Can you compare 3 small groups <4 participants using Multiple Mann-Witney?
I am very new to statistics but have found myself doing a small master desgree research project with very little statistics background so I am finding it very difficult. I have had a go at a mann-whitney but am just not confident that it is the correct test to use or whether there is something I should know about it's use in this instance.
I would really appreciate any help anyone can give.
My project is comparing the speech (3 different acoustic measures) of 3 different subtypes of patients.
I only have 2 participants in subgroup 1, 3 in subgroup 2, and 2 participants in subgroup 3. Disappointing!
Each participant has multiple trials for each speech stimulus which is then accoustically analysed and turned into data.
I have had a go at trying to compare the outcomes of one of the measures between the groups.
What I did was put all the data points from each participant within the subgroup together (eg. group one has 2 participants, each with 6 data points which makes 12 data points.)
Using the mann-Whitney test I have then tried to compare these 12 data points in group 1 to the 18 data points in group 2 (3 participants each with 6 data points).
I then went on to do multiple comparisons between the groups e.g group 1-group 2, group 1-group 3, group 2-group 3.
Is Mann-Whitney the correct test to use in this instance?
Should I use the Boniferroni correction given that I am doing multiple comparisons?
I really appreciate any help or direction people can give me. I realise this is a big ask and I value your time you may spare to answer this.
Re: Can you compare 3 small groups <4 participants using Multiple Mann-Witney?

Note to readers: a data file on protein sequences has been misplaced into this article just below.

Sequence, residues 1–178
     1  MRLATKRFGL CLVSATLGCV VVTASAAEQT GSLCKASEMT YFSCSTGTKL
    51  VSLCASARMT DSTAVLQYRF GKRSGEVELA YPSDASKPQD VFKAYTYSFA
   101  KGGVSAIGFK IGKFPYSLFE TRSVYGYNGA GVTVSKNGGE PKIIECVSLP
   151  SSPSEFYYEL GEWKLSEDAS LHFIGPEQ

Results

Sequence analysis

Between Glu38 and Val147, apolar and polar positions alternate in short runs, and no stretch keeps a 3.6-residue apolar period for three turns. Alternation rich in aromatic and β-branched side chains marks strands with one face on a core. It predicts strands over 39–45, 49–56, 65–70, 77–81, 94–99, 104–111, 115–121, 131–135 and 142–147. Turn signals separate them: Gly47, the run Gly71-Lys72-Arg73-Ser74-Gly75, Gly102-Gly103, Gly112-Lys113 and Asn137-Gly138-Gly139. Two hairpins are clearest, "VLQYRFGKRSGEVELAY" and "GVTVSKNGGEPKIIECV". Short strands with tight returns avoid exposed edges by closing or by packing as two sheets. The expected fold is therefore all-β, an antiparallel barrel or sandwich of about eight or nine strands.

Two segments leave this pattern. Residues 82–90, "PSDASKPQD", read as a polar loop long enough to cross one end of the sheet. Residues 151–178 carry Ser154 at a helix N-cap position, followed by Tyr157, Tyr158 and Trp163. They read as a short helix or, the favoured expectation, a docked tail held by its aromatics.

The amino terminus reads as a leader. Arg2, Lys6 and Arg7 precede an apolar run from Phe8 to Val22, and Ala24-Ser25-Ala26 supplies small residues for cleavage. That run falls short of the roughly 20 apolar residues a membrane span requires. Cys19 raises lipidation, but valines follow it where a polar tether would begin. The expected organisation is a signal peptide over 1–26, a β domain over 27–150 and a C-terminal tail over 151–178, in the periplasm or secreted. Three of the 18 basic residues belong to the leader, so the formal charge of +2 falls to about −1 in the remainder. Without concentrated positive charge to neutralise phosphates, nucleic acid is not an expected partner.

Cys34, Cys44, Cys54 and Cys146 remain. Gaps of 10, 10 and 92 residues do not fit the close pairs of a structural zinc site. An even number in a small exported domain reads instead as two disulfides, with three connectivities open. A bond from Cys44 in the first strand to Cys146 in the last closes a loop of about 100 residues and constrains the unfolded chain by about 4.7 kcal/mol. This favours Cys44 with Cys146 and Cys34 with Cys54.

Are you trying to assess means or medians as a reference for comparison?
Typically medians are useful when you have really skewed or highly asymmetric data, but if you have enough data and wish to assess the means (where they provide a good indicator with respect to the distribution for comparison), then you can use the Central Limit Theorem which is the basis for most of the frequentist statistical results that people take for granted.
Now an ANOVA is basically a way to compare means for an arbitrary number of groups: if you did a t-test for multiple groups beyond 2, then you would introduce all kinds of errors when it comes to significance levels and so this procedure provides a way to keep these significance levels in take for an arbitrary number of groups.
Based on this, the next thing to do is to get an idea of what the data looks like to see if you can use these assumptions and even before we do that, we need to assess what the data actually represents non-mathematically.
So could you please provide a brief description of what this data represents physically, what else it relates, some kind of context for the numeric representation, what the typical range for this data is, and ultimately what you want to use this for and what kinds of questions you are trying to answer with responses that are completely non-mathematical or non-statistical.
It's important that these are discussed as opposed to statistical ones because all the test rely on assumptions and also because the point of statistics in situations like yours is but one tool to get advice for decision making and not the whole process itself.